This had real potential, but it should say something about sticking to your game plan. I mean, going the malevolent route for a Christmas-themed release? It wouldn’t be the first time. Make it scary and funny? Okay…but, of course, “Gremlins” set the template for this in 1984. So, immediately, your work is cut out for you. And the whole disparate class and personality family reunion thing? National Lampoon and Chevy Chase got there first. However, if you set the tone correctly, and balance that laugh/scare ration properly–you might just pull it off. “Krampus” gets some of it right. Just not enough.
It’s a few days before Christmas, and a suburban family is preparing for their holiday get-together. But after getting involved in some yuletide shopping mayhem, preteen Max Engel (a very good Emjay Anthony) wonders: have we forgotten what Christmas is all about? His mom Sarah (a fine Toni Collette) and dad Tom (a strong Adam Scott) butt heads with Max over his desire for family traditions, upon which Max tears up a letter to Santa…and tosses it into the wind. Things only worsen when white trash relatives Uncle Howard (a super David Koechner) and Aunt Linda (perfectly cast Allison Tolman) arrive at the Engel home, with their quartet of dysfunctional brats. Plus, they’ve arrived with acerbic Great Aunt Dorothy (comic relief queen, Conchata Ferrell). Soon, an unexpected blizzard hits town, and kills power to the entire area. When Max’s sister Beth (Stefania LaVie Owen) disappears after a walk to her boyfriend’s house, Tom’s old-world Austrian mother Omi (bubbling with portent, Krista Stadler) tells them all about the legend of Krampus…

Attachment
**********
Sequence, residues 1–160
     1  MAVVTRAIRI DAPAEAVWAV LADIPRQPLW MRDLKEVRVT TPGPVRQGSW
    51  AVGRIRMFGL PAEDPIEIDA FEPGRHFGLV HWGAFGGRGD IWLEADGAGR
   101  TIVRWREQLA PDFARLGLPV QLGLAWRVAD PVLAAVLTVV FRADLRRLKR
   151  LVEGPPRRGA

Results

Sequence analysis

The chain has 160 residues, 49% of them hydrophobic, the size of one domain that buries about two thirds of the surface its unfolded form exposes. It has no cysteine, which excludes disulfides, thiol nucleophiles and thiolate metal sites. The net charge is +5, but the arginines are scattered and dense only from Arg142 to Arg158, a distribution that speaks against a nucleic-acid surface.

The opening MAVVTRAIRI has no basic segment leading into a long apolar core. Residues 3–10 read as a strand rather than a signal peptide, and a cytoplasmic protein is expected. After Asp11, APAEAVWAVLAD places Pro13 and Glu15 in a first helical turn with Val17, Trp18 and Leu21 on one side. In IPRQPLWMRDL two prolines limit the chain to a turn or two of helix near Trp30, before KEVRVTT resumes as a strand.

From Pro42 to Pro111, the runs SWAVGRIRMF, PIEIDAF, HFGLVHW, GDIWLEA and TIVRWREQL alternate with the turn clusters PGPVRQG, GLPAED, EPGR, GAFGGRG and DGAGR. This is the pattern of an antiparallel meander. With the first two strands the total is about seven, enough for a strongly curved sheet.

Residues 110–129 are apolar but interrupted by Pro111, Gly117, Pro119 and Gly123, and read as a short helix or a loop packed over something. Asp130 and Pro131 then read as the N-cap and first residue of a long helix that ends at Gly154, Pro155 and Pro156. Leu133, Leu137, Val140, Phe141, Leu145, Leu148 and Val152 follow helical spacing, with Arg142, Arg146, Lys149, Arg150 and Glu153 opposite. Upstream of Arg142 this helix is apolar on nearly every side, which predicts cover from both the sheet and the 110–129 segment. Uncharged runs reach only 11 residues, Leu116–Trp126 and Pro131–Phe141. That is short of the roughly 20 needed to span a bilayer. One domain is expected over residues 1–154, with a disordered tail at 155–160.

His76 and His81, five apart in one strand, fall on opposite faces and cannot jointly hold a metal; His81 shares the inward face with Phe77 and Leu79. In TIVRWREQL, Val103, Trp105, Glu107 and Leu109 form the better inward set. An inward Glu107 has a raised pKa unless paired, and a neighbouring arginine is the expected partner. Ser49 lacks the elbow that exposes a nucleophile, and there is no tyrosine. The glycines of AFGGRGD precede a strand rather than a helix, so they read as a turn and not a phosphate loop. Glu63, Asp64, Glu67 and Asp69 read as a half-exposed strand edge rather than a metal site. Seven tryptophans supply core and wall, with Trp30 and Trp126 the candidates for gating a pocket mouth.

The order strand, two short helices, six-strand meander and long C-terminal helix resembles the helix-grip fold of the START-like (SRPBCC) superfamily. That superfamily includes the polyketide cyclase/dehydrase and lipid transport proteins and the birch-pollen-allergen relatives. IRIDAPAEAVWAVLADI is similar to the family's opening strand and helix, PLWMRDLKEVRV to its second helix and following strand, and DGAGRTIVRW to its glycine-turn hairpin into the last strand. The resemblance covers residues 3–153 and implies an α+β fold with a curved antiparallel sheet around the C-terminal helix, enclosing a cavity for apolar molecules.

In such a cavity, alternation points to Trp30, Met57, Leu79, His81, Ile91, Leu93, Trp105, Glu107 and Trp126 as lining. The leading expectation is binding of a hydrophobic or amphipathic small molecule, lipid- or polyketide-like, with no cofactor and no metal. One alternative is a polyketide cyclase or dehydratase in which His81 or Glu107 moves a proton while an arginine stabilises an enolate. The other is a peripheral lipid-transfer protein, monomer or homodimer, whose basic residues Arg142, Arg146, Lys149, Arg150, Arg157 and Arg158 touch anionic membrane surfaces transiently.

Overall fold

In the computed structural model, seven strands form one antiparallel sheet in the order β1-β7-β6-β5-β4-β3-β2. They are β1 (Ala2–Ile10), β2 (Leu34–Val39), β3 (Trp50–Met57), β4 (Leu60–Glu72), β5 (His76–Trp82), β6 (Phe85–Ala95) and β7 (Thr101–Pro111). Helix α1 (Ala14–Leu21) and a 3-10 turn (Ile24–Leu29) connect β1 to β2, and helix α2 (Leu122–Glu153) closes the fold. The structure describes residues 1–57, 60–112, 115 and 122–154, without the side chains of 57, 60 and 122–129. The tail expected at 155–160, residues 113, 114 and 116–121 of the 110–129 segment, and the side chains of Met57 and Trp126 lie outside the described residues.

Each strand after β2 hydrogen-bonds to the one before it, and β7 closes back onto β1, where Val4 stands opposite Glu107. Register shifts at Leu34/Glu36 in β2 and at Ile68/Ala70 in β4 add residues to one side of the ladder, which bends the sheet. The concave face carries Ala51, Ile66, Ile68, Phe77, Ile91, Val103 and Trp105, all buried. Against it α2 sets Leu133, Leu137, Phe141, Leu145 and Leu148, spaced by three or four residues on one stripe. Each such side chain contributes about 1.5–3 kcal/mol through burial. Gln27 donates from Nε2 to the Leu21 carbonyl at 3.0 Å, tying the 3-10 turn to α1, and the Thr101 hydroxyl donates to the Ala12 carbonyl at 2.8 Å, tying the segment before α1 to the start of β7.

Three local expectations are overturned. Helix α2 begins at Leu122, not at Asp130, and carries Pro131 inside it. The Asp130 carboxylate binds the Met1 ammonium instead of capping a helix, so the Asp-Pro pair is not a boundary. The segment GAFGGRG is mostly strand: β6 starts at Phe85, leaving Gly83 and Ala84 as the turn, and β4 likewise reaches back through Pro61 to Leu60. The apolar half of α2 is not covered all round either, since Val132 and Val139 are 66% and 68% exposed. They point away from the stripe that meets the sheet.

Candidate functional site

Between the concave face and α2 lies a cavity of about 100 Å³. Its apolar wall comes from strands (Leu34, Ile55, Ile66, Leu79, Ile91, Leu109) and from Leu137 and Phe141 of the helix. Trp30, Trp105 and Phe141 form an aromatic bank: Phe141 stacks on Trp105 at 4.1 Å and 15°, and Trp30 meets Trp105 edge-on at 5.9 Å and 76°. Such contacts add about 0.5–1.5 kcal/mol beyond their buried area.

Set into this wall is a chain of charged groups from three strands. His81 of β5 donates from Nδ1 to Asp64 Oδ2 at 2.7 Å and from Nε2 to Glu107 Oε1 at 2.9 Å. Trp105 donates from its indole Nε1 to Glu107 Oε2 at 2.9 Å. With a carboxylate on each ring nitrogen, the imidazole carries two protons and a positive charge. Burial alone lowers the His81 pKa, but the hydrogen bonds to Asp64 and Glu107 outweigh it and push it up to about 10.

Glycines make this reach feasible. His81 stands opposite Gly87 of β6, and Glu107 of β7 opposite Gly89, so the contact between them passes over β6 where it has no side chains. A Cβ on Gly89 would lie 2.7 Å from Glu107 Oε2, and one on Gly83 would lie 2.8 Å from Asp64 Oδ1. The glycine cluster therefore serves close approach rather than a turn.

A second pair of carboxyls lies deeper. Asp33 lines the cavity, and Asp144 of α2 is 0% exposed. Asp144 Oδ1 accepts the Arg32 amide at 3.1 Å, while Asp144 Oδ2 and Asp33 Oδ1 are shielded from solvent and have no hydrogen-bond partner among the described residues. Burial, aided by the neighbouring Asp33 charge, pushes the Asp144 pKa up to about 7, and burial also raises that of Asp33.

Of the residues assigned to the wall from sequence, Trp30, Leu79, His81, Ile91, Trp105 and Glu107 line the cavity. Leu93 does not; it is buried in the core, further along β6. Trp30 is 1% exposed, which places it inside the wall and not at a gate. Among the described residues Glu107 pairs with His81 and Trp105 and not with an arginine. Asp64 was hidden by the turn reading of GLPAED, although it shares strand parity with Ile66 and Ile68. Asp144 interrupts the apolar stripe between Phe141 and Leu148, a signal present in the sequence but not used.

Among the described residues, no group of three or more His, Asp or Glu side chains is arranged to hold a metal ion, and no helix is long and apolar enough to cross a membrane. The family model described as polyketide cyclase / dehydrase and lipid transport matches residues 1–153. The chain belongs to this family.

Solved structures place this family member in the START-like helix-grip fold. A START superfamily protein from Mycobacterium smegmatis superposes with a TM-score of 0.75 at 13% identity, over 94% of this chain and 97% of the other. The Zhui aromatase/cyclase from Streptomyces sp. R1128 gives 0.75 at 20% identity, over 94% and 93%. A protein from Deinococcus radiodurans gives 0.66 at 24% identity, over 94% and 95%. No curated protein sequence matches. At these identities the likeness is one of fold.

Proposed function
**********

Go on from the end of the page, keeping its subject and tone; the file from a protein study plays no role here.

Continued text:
Writer/director Michael Dougherty had a cult hit with 2007’s “Trick ‘r Treat”, so he’s got some decent history with the horror genre. “Krampus” scores with a few nifty frights, and the main baddie is pretty cool. If only it didn’t remind you of better movies, like 1982’s “Poltergeist”, and the aforementioned. The performances are quite able, and the special effects are mostly impressive. However, just a little more oomph, plus a bit more darkness than the PG-13 rating can supply, would’ve been welcome benefits. For a while, “Krampus” conjures the B-movie feel of the work of a young Joe Dante. And while it works in fits and starts, it has a tough time sustaining it. Nice try…wish it was better.